Sunday Observer Online


Sunday, 12 June 2011





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Poson falls on June 15:

Mahindagamanaya - Birth of Buddhism in Sri Lanka

Buddhists will be making the hallowed journey from Vesak to Poson with the dawn of Full Moon Poya Day in a couple of days. At a time the country is celebrating the 2600th Sambuddhathatva Jayanti, the significance of Poson, which marks the advent of Buddhism to Sri Lanka becomes even more important.

Today Sri Lanka is renowned as the cradle of Theravada Buddhism because of the noble intentions of a great king from Jambudveepa or India.Emperor Asoka who was a mighty king in India had embraced Buddhism.He was on a great mission to propagate Buddhism throughout the Indian sub continent and even the world. He was a close friend of King Devanampiyatissa ( 252-212 BC.)who was the reigning monarch of ancient Sri Lanka.King Asoka dispatched a Buddhist delegation which included his son Arahat Mahinda Thera to Sri lanka to propagate the Dhamma.

Mahinda Thera was accompanied by several other distinguished bhikkhus, namely Iththiya,Uththiya, Sambala,Baddasala,Sumana Samanera and an upasaka named Bhanuka .

The delegation visited the island in the month of Jetta (June), on Poson Poya Day which was declared a holiday by the reigning monarch.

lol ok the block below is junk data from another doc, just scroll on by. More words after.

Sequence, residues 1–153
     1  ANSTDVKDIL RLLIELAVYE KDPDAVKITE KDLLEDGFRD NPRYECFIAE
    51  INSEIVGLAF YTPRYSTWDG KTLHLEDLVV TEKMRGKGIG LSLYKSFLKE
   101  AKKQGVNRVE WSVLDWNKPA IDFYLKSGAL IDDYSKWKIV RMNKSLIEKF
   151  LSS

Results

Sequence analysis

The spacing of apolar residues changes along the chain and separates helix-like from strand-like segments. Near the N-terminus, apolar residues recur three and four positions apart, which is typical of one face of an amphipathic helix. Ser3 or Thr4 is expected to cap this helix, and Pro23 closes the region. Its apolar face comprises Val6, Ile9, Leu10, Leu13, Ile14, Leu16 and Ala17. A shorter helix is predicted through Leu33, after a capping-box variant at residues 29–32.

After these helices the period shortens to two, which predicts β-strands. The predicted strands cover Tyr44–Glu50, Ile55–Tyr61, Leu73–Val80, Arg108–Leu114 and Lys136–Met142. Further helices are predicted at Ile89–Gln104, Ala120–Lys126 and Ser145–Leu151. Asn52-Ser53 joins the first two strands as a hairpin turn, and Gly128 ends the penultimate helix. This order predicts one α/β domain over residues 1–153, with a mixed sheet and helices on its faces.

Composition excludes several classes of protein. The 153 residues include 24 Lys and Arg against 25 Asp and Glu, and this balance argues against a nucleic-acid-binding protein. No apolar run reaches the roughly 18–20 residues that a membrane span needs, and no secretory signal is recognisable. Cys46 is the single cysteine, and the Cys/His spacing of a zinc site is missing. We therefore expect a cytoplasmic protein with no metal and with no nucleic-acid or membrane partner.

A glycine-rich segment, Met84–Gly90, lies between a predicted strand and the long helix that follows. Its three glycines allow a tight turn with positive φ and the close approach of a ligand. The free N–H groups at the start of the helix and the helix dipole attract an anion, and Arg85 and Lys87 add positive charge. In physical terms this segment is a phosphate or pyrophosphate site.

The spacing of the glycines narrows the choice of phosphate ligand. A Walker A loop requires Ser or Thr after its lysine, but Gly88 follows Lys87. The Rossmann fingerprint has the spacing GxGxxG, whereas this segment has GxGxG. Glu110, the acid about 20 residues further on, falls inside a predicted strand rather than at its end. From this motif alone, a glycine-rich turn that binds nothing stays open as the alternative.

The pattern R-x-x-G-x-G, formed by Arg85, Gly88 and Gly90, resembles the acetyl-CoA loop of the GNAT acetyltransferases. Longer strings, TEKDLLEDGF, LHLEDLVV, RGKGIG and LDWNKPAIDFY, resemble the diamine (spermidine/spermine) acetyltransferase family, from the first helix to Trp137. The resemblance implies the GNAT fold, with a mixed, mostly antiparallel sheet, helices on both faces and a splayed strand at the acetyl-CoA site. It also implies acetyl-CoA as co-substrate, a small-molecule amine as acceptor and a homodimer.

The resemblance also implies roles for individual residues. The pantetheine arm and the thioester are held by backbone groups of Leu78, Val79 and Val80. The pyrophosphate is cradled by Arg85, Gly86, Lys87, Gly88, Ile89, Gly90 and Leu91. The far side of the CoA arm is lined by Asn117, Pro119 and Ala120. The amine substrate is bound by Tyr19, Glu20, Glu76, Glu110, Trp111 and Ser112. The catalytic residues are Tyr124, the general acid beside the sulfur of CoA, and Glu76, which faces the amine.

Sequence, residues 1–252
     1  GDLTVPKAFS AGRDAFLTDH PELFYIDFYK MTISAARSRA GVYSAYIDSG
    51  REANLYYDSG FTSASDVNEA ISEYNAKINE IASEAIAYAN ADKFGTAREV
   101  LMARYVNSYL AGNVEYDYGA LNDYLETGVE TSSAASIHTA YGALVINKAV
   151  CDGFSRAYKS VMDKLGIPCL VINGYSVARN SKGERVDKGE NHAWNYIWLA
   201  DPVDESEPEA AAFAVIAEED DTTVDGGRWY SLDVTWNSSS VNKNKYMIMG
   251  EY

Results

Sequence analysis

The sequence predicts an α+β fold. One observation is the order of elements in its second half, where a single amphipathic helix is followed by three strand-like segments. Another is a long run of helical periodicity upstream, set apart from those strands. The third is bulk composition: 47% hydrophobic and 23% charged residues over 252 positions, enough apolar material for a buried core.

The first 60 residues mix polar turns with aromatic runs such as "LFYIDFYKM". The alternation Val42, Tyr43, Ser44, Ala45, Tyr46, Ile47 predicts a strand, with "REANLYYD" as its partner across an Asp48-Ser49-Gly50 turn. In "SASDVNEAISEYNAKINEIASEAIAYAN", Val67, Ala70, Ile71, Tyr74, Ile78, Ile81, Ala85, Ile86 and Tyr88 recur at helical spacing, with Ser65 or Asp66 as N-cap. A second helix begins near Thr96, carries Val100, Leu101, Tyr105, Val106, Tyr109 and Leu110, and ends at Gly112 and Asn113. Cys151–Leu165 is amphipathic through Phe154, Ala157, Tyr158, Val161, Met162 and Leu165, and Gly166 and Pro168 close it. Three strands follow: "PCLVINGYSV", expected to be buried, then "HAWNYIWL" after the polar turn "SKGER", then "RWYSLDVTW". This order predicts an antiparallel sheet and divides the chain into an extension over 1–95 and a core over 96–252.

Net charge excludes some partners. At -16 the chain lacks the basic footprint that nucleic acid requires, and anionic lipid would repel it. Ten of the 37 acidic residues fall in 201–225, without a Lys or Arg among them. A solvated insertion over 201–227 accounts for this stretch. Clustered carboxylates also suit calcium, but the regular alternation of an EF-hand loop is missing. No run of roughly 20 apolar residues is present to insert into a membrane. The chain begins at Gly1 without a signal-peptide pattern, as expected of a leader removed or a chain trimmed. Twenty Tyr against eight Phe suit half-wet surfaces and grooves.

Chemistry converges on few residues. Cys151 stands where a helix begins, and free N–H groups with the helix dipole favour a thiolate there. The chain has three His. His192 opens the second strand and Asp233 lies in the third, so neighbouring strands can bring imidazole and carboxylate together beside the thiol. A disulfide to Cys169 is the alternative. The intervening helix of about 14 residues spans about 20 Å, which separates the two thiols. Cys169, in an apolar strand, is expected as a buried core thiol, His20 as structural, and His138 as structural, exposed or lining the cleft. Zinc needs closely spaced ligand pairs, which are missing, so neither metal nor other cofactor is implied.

Everyone was revelling and King Devanampiyatissa too was engaged in his favourite sport, hunting. During the days of the monarchy, hunting of animals was a popular sport carried out purely for pleasure.

The story of the historic first meeting on the summit of Missaka Pavva , the now famous Mihintale rock is not one that is unfamiliar to most of us.When Poson comes around we enjoy refreshing our minds about this significant meeting which is a turning point in history;the establishment of a new culture in this land.

The king was chasing behind an elk when he heard someone address him in a manner no one in the land would have dared to - a shortened form of his name, Tissa.

The king was taken aback totally, not only by the curt form of address, but also by the fact that someone was trying to capture his attention in this lonely forest. He looked everywhere - and then he was astonished to see a dignified monk in robes atop the summit.

Curious to know who he was and how he managed to get to the summit, the king questioned about his identity. Arahat Mahinda introduced himself and the others in the following Pali stanza;

Sammanah mayam maharaja

Dhammarajassa saavakah

Thameva anukampaya

Jambudveeipa idaagatah

Translated into English it reads; Sramanas(monks) are we O great king. Disciples of the King of Truth, the Buddha. Out of compassion for thee, hither have we come from India.

Then the King inquired as to how they arrived atop the rock and the answer given was that they came neither by land nor sea.

King Devanampiyatissa who realised that they had come by air was delighted to meet them and promptly laid aside his hunting gear and went along with his retinue to meet them and listen to what the thera had to say.